For some of us, engaging in democracy in the UK will be a new experience. Precarious status may have distanced our members from civic activity and excluded them from participating. Longstanding and unaddressed issues of xenophobia, race hate crime and exclusion may have left many individuals and communities feeling isolated and wary of democracy. Others may feel whatever they do is unlikely to make a difference, and feel apathetic and disengaged.

As well as registering and voting, mobilising around elections can be an opportunity to discuss these experiences with our members, and explore the different ways of collectively overcoming this marginalisation. Elections can also be a good time to raise awareness and to start new conversations in our local area – with faith institutions, unions and community associations – about how the issues we face can be addressed.



Speaking to your Community:

Your members may raise issues regarding the futility of participating in the election process. If you approach these conversations with patience and care you can demonstrate why elections – as part of a broader civic engagement – can help change the lives of those in your community for the better.

You may hear:

“My vote doesn’t make a difference.”

“I can’t be bothered. I just don’t care about politics, it has nothing to do with me.”

“I don’t know how or where to register. I didn’t know I can vote.”

“I don’t know who to trust. They all look the same to me. I do not understand the polices.”

Here are some ways that others have found it useful to approach these conversations:

  • Connecting to the issues: elections may seem disconnected from the issues people face individually or as a community. This apathy is created by long-standing marginalisation by institutions that have not adequately served the needs of migrant communities – so it is understandable.

Talk about elections from the experience of your community, to establish common ground and shared values. Share your story and why you have chosen to engage. You can then discuss the importance of elections as one part of a democratic process to ensure your community’s voices are heard. One thing is clear: if you do not vote and speak up for the issues you care about, the changes you want are much less likely to happen.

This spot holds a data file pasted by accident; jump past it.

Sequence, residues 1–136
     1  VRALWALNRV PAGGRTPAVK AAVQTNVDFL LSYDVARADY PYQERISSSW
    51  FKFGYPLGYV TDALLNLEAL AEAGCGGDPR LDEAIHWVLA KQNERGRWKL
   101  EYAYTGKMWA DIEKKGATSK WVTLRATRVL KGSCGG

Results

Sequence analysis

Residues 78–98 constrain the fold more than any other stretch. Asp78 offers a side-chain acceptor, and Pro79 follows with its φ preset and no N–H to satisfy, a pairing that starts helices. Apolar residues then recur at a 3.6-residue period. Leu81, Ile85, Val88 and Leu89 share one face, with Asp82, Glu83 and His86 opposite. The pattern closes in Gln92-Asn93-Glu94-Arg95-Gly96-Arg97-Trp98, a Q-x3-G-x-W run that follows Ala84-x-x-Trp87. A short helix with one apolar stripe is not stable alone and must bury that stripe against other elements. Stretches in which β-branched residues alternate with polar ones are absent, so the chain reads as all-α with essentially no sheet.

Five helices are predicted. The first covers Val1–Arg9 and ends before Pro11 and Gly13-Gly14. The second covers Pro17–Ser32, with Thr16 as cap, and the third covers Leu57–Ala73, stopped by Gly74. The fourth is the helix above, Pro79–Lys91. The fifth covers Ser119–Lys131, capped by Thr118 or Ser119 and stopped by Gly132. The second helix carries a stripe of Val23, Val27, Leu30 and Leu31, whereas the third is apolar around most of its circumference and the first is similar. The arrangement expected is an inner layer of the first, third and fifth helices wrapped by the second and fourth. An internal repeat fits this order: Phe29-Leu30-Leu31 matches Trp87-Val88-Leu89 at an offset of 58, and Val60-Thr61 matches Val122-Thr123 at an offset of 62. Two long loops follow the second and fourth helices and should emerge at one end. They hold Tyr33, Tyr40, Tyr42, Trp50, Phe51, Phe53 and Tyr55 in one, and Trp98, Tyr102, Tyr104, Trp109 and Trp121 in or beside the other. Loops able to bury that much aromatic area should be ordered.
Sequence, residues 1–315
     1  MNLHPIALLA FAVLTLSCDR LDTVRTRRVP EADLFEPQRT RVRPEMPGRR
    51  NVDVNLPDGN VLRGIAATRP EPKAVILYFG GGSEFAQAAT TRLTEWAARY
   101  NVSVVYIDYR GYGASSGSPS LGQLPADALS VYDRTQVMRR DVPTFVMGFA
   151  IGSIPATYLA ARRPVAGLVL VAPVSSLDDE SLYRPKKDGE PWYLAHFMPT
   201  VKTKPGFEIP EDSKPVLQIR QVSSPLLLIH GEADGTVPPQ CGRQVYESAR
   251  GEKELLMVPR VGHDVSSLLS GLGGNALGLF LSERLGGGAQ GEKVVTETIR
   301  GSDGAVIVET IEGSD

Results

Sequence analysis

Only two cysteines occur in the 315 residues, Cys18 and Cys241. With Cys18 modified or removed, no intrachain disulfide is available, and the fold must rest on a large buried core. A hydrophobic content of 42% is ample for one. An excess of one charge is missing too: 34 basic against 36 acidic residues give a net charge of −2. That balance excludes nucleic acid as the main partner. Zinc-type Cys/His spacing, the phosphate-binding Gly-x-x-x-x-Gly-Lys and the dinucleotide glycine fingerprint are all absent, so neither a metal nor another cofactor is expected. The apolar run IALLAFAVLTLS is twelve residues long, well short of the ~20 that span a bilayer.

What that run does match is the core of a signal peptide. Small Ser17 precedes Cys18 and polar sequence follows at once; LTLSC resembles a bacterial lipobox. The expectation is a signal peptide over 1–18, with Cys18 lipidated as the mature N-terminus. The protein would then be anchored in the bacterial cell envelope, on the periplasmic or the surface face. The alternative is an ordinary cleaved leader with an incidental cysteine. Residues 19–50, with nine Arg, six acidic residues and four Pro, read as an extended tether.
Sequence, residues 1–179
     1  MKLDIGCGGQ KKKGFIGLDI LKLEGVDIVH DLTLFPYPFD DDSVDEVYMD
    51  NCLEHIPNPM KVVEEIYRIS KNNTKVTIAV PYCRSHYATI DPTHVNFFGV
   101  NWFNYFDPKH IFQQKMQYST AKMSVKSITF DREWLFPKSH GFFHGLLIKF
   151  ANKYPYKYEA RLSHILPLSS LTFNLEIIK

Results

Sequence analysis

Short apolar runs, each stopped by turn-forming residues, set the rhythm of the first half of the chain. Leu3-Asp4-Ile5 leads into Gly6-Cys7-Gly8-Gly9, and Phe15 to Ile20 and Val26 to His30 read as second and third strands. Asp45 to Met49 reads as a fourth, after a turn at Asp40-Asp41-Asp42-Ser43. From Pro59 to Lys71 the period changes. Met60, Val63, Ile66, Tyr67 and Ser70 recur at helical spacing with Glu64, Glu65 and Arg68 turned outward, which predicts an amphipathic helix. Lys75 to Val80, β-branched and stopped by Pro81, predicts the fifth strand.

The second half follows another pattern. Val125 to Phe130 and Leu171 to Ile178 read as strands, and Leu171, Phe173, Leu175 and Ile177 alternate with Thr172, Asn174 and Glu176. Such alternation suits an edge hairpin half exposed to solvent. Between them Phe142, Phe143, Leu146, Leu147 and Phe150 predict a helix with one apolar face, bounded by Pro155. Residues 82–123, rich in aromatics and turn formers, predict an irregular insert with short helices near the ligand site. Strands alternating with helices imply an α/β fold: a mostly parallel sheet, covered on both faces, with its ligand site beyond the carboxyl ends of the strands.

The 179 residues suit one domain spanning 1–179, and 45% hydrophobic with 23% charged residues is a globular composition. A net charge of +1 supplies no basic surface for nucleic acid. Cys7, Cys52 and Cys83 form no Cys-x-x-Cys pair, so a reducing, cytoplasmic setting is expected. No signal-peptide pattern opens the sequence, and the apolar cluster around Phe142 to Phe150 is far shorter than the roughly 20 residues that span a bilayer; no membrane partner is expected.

• The importance of democracy and voting: Many people throughout history have fought and sacrificed their lives for the right to vote. They believed that people had the right to decide things for themselves and that democracy was necessary for people to live with freedom and dignity.

Today many people feel powerless and unrepresented. This should not stop us from participating in decision-making processes that affect our lives. As the EU Referendum has demonstrated, voting can make an enormous change to the country in which we live. In general elections, many seats are won by a very narrow margin of votes. Raising issues in marginal constituencies means that our voice is more powerful.

Who Can Vote?

To vote in a UK general election a person must be registered to vote and also:

  • 18 or over
  • be a British citizen, a qualifying Commonwealth citizen or a citizen of the Republic of Ireland
  • not be subject to any legal incapacity to vote

The full information and more details can be found on the Electoral Commission website here:

Important Dates and Information

  • September 22 is the Registration Deadline.
Before you can vote, you must first register to vote. The last day you can register is at 11:59 pm on Spetember 22. The process is simple and only takes 5 minutes. You can register online at
To register you will need:
  • Your name and address
  • Date of Birth
  • Your National Insurance Number
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